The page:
A guest blog by Chicken Wrangler Sara
Around the Miller Farm feeding the chickens is a multi-step process.
First, I go to the feed store and buy 50-pound sacks of lay pellets.
Then I bring the sacks home and move them into 5-gallon buckets. This prevents non-chickens (i.e. rats) from getting into the food in the shed. Most of the buckets have lids that snap on and are difficult to remove. Beekeeper Brian was kind enough to purchase special screw-top lids to make life easier for me.
I fill two screw top buckets with feed and the rest goes into regular buckets. I move the feed from bucket to bucket as needed. It is all quite efficient when I am paying attention.
Monday I was not paying attention. I went out to move feed from a regular bucket to an empty screw top bucket.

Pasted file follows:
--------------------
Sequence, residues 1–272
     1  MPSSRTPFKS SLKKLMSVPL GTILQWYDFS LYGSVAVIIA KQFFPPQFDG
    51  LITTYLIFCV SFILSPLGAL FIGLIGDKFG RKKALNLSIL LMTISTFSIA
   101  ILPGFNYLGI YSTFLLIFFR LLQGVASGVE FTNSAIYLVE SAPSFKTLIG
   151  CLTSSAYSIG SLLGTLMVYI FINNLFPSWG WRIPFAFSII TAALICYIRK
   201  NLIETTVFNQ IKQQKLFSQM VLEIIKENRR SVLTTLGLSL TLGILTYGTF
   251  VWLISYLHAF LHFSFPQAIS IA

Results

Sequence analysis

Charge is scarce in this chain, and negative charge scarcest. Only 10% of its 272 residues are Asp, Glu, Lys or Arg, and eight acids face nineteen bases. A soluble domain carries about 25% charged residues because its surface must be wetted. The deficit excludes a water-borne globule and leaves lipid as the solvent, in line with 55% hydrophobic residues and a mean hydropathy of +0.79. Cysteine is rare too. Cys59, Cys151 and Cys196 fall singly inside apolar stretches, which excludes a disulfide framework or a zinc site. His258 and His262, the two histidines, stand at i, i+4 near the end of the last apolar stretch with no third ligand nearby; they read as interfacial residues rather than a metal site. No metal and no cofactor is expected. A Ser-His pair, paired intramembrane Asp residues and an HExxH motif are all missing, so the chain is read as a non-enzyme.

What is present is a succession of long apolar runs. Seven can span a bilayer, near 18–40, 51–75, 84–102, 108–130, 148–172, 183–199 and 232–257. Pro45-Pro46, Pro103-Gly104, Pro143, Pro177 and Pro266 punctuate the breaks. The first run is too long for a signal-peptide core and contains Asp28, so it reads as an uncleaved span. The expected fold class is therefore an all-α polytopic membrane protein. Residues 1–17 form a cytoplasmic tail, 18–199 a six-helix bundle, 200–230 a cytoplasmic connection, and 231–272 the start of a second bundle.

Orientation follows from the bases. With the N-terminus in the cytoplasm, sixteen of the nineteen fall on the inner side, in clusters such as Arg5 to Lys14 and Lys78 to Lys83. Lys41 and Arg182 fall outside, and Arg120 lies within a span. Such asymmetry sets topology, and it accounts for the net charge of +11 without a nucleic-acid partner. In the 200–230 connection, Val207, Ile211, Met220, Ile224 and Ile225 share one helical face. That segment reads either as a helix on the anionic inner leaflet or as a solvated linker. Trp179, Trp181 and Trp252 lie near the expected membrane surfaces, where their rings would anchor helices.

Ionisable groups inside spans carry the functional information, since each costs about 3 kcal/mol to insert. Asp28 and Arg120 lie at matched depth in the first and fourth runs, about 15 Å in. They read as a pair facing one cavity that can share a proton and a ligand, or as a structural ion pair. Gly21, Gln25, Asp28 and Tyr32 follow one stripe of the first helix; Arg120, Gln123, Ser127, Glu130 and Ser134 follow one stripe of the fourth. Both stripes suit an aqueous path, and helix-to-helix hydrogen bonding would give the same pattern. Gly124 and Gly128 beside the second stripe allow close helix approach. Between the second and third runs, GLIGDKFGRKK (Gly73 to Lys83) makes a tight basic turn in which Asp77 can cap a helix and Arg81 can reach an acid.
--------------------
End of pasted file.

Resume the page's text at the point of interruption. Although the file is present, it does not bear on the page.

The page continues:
The regular bucket was empty.
In fact, all the buckets were empty. The poor chickens had no food. Their feeder was empty.
So I closed up the shed and headed to the feed store. I went up to the counter and asked for two sacks of lay pellets.
The woman behind the counter informed me they were out of lay pellets. She said they’d run out about an hour ago before I arrived.
I was speechless.
She asked if I had enough to make it until their delivery arrived on Tuesday. I was embarrassed to admit we had no lay pellets at all.
She offered to sell me a 10-pound sack to get me through. Since I knew Tuesday would be a busy day, I bought a second 10-pound sacks to last until Wednesday when I could make another trip to the feed store and purchased a 50-pound bag.
On Wednesday, when I returned from the feed store, the chickens obviously recognized the larger sack and anxiously waited the arrival of feed in their feeder. I scattered some around the yard and filled the feeder.
The remainder I put into the appropriate buckets thus ending the famine on Miller Farm.
Last week I learned that 30 chickens are not the same as 46 chickens. This week I learned that 10-pounds of feed does not go as far as 50 pounds.
Math is a very useful subject.